Dir: Abel Ferrara. France-Italy-Belgium. 2014. 85mins
A flawed but intriguing attempt to capture the final days in the life of Italian writer, filmmaker and poet Pier Paolo Pasolini, who was murdered by a rent boy in the small hours of November 2, 1975, Abel Ferrara’s first biopic sees one of indie cinema’s walkers on the wild side in uncharacteristically subdued, contemplative mode.
The Pasolini that emerges is a collection of diverse and sometimes incoherent fragments more than a rounded character.
Sure, there’s a small orgy and some just-glimpsed fellatio, plus a couple of fairly explicit clips from the Italian maestro’s ‘scandalous’ last film, 120 Days Of Sodom, but it’s Willem Dafoe’s impressively understated lead performance that sets the tone of a film that tries to understand a complex man by simply following him through the course of what, but for it’s ending, would have been an unremarkable mid-career day-and-a-half in the life.
Intercut with reconstructions of Pasolini’s life and death over the course of his last 48 hours are dramatised scenes from a novel and film script he was working on at the time. What emerges from an at times confusing mosaic is the portrait of a man who in his creative projects, public declarations and private life was taking a prophetic, apocalyptic turn, shocking the bourgeoisie as he attempted to uncover hidden political-industrial conspiracies that he believed were dehumanising Italian life.
But although it’s a surprisingly absorbing watch, this uneven film never really gets under the skin of the poet. In Gus Van Sant’s final-days-of-Cobain film Last Days this outside view was a deliberate technique, a study in the everyday banality of genius; here the impression is of a series of takes on a character which never quite add up to a whole portrait.
The reaction among the Italians in the audience at the film’s Venice premiere ranged from mild admiration to bemusement to dislike; it probably didn’t help that the characters speak English part of the time and Italian at other points, for no obvious reason (though this will presumably be fixed by dubbing for an Italian release). Outside of Italy, Pasolini will most likely be confined to the more resilient end of the arthouse market; it certainly has none of the topicality or controversy-value of Ferrara’s last feature, Welcome to New York.
Two interviews given by Pasolini in his final 48 hours are restaged here, and help to chart the mindset of an intense intellectual whose thinking was veering towards a sort of Book-of-Revelations Marxism, warning darkly that “we are all in danger” but at the same time nailing the rampant materialism that would indeed come to characterise Italian and global life after the demise of the age of ideas. We see the poet-director, back from a conference in Stockholm, return to the house in Rome he shared with his devoted mother (veteran Adriana Asti) and cousin-secretary Graziella (Colagrande).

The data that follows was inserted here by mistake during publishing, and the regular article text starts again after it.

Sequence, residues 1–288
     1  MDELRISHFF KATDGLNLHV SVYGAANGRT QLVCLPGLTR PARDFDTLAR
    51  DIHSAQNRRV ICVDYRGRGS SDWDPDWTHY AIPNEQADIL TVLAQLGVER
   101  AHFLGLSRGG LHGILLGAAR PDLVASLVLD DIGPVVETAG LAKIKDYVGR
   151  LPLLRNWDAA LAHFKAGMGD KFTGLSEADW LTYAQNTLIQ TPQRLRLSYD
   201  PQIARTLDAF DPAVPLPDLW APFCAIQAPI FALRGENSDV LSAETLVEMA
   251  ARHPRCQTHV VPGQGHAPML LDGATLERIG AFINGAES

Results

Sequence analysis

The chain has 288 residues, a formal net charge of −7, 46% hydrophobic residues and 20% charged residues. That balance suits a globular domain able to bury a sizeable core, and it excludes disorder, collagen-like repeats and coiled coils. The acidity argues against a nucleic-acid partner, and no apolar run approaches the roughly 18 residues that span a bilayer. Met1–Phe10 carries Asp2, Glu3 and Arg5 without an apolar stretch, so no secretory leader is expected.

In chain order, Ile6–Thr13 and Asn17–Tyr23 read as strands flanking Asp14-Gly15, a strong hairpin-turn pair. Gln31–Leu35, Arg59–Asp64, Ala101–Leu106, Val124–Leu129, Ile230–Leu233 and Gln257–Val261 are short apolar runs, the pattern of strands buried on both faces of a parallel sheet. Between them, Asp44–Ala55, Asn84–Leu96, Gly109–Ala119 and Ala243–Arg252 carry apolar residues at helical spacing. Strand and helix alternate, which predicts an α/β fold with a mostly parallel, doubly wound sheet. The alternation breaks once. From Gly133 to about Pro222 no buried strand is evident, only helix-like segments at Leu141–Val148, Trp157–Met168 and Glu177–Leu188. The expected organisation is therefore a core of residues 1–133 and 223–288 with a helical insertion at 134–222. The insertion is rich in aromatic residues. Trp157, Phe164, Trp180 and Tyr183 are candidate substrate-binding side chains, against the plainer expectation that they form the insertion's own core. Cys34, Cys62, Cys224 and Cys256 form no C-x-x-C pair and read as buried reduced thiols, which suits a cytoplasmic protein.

Another cousin, Nico Naldini (Mastandrea), comes across as his literary agent in a film that is sparing on who’s-who explanations. Maria de Medieros also shows up in an excessively mannered turn as Pasolini’s long-time friend and later literary executor Laura Betti. Later, Pasolini goes out to dinner with actor-turned-friend Ninetto Davoli (Scamarcio), before picking up rent boy Pino Pelosi (Tamilia) and heading for the seaside wasteland near the resort of Ostia where he would meet his end.
The film’s version of the murder itself takes on board the by-now generally accepted idea that Pelosi was not alone in carrying out the crime, but (perhaps wisely) leaves it up to the audience to decide whether the thugs who join the then 17-year-old rent boy in the brutal attack were violent homophobes or far-right thugs sent by men in high places. To focus too insistently on the crime itself (like Marco Tullio Giordana’s 1995 film Pasolini: An Italian Crime) would detract from a film that is not an investigative thriller but an attempt to create a cinematic ‘heatmap’ of a dark, creative soul at a point of crux.
Central to this structure are scripted and staged scenes from the two works Pasolini was working on at the time: a rambling novel called Petrolio, mixing rent-boy fantasies with the dirty politics of the oil industry, and a script for a film in which a Roman character called Epifanio (played by the real Ninetto Davoli) and his servant (Scamarcio again) follow a miraculous star to the birth of the Messiah, via the land of Sodom, where they turn up on the one day of the year when the exclusively gay male and female inhabitants couple with each other in order to ensure the survival of the race. Ferrara seems to have let the spirit of Italo giallo and peplum soft porn circa 1975 rub off on the staging of this airbrushed bacchanalia.
The Pasolini that emerges is a collection of diverse and sometimes incoherent fragments more than a rounded character. But perhaps that’s the point Ferrara and scriptwriter Bracci are trying to make: that the closer you get to the enigma of an intensely private public man, the more he slips away.
Production companies: Capricci, Urania Pictures, Tarantula, Dublin Films
International sales: Funny Balloons, firstname.lastname@example.org
Producers: Thierry Lounas, Conchita Airoldi, Joseph Rouschop
Executive producers: Camille Chandellier, Costanza Coldagelli
Screenplay: Maurizio Bracci, based on an idea by Abel Ferrara and Nicola Tranquillino
Cinematography: Stefano Fallivene
Editor: Fabio Nunziata
Production designer: Igor Gabriel
Main cast: Willem Dafoe, Ninetto Davoli, Riccardo Scamarcio, Valerio Mastandrea, Adriana Asti, Maria de Medeiros, Roberto Zibetti, Giada Colagrande, Damiano Tamilia